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Thread: Binoculars: BaK4, BK7, fully multicoated - FAQ

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    Default Binoculars: BaK4, BK7, fully multicoated - FAQ



    Hello friends of binocular astronomy,

    there are lots of questions regarding the prism materials and the coatings, frequently asked.

    BK7 is borosilicate crown glass with low dispersion and low refractive index. As the material for Porro prisms in binoculars, it used to be popular in extremely wide field military binoculars (like Asahi Pentax), and also in some wide field astronomy binoculars (suspected in Binon by Miyauchi).
    The advantage is: no added chromatic aberration, and a very sharp view.
    The drawback is: high cost if specified according to Schott, and moreover, additional mirror coatings are necessary on the Porro prism diagonals, due to the low refractive index of this material. Porro prism binoculars employing this material may suffer from a lower transmittance, and eventually from lower contrast, even if the view is still extremely sharp. The brightness of the view may drop towards the edge of the field of view.

    All these advantages and disandvantages are well recognizable on my 7x35 (11deg) Asahi Pentax vintage binocular. However, the extremely wide field of view enables to fix the very large nebulas.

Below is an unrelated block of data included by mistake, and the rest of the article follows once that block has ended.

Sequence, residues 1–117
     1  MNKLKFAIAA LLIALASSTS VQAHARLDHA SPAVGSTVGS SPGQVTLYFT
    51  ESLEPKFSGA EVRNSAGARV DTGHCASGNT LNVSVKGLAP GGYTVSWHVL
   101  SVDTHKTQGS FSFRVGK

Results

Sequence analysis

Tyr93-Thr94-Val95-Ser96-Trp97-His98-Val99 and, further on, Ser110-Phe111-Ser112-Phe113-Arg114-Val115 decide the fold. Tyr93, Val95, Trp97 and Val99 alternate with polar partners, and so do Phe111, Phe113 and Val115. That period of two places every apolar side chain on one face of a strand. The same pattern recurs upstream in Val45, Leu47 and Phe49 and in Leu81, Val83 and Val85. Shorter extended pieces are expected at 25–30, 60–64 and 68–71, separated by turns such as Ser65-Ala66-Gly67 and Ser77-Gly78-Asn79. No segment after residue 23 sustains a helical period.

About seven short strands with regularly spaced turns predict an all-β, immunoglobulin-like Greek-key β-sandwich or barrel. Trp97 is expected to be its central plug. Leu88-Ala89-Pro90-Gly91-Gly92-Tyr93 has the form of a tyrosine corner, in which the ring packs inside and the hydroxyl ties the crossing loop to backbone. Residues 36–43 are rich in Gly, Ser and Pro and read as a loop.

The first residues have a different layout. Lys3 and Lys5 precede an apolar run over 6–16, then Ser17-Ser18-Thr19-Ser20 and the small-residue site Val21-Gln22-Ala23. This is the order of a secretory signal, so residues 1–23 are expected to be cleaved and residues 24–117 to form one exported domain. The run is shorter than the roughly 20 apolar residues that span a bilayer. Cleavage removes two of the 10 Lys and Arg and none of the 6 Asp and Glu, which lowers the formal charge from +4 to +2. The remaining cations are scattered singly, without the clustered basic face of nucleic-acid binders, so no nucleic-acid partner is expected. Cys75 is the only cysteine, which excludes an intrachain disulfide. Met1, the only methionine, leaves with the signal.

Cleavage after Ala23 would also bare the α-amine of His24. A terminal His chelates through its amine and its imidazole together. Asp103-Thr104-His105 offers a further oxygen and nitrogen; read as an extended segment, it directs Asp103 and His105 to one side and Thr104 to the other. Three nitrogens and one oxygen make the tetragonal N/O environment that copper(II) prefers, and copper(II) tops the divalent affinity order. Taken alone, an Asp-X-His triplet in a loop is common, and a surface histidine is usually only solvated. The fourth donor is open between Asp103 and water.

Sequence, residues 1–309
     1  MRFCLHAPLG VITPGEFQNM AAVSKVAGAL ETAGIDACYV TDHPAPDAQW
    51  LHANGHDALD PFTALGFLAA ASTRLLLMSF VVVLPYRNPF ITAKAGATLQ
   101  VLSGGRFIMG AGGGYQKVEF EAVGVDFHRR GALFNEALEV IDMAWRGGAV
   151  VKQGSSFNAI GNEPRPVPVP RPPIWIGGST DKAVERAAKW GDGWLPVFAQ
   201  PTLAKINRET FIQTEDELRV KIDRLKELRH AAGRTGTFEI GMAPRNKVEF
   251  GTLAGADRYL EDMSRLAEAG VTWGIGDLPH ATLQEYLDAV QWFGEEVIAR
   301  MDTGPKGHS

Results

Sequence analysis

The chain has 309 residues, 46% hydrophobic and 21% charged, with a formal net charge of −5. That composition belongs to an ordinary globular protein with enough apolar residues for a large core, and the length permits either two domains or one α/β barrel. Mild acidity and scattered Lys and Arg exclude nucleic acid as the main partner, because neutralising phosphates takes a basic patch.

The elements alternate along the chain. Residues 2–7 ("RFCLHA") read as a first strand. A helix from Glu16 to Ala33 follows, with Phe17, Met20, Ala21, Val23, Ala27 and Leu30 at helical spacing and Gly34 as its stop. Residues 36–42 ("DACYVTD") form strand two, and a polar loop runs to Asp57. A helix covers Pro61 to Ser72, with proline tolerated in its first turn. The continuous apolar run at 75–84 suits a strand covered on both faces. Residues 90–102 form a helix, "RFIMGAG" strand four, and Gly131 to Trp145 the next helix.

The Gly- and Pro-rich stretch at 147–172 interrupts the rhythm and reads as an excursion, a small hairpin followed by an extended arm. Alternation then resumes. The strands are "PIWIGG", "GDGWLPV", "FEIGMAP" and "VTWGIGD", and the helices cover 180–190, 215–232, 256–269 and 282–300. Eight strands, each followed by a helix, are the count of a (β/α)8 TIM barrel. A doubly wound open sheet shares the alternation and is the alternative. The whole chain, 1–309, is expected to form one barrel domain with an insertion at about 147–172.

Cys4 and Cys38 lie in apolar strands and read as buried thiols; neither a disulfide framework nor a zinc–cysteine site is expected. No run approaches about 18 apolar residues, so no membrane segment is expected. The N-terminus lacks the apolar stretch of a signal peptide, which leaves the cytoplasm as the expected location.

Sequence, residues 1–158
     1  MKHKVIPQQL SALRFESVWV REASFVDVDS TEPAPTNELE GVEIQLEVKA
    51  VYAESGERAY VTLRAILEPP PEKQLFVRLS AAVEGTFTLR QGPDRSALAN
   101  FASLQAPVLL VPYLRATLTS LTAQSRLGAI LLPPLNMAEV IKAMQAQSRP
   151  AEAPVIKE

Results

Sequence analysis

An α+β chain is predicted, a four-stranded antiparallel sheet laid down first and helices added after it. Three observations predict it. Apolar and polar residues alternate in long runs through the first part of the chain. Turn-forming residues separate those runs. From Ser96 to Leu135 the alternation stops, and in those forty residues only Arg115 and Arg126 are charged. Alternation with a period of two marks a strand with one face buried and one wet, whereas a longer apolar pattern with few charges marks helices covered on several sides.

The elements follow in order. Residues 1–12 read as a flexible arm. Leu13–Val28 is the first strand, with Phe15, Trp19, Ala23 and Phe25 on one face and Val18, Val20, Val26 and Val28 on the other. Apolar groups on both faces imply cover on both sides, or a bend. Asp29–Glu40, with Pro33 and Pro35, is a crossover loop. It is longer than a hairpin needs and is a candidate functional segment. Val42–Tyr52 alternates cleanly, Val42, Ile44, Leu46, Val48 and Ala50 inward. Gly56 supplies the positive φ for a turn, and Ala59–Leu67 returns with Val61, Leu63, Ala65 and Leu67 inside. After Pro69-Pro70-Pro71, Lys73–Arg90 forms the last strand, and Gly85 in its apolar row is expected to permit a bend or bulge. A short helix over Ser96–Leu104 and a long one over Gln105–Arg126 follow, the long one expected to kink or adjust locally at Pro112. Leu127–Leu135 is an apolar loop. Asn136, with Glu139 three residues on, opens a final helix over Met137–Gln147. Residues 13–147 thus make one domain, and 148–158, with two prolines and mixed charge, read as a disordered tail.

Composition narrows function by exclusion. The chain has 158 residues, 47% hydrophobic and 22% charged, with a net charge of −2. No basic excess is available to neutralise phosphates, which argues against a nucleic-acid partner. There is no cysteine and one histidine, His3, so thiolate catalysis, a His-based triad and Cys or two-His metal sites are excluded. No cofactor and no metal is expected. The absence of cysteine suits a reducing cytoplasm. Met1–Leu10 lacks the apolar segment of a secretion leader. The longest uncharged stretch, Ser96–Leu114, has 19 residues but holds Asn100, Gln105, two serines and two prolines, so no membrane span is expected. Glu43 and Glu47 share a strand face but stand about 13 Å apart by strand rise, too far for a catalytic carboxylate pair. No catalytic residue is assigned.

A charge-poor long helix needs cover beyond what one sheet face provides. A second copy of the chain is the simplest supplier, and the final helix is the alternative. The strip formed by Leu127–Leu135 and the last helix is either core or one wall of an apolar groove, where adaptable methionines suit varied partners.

BaK4 is Barium crown glass with high dispersion and high refractive index. This is regarded as the preferable material for the Porro prisms.
    The advantage is: clear bright view due to the totally reflecting diagonals in the Porro prisms, additional mirror coatings are not required.
    The drawback is: some added chromatic aberration, readily visible during daylight on the bright illuminated white surfaces against a darker background - as frequently seen in the popular "chimney" test. (The rest of the chromatic aberration is due to the lenses in the binocular.)

    Most of the binocular Porro designs in Japan employ BaK4 for the prisms.

    Some of the binoculars on the market indicate the BaK4 prisms, even if this material has been already replaced by phosphate crown, or replaced in another way. This new material has a high refractive index, nearly as high as BaK4, and a low dispersion, nearly as low as BK7, combining to some extent the advantages of both. Binoculars using such prism materials have often slower optics (f/# larger than f/5), and they have larger sized prisms, even if the field of view is not very wide. The overall impression is that of a "bulky" binocular. Possibly, the BA8 series by United Optics employs such prism material, or anything similar. An added chromatic aberration is as good as not recognizable. The inherent chromatic aberration due to the lenses, is lower when the optics is slower, anayway.

    Fully multicoated is a property important for the clear bright viewing without ghosting. Fully broadband multicoatings yield viewing with a sort of "enhanced" colors, especially in green, yellow and red. This is the typical requirement for birding. In astronomy, the fully broadband multicoatings show the true orange-red color on the Mira-variable stars and on lots of the Carbon stars. Without this "broadband" property of the coatings, the bright orange-red stars may turn into the "brownish" spots, or they show a "pale" color.

    Other questionable specs are the field of view, and the "usable" size of the front lenses. The usable size of the front lens indicates a fraction of its diameter that transmitts the light flux to a fully opened eye. Both these binocular properties depend on the size of the prisms and on the design of the eyepieces, and they may be 10% down if compared with the specifications.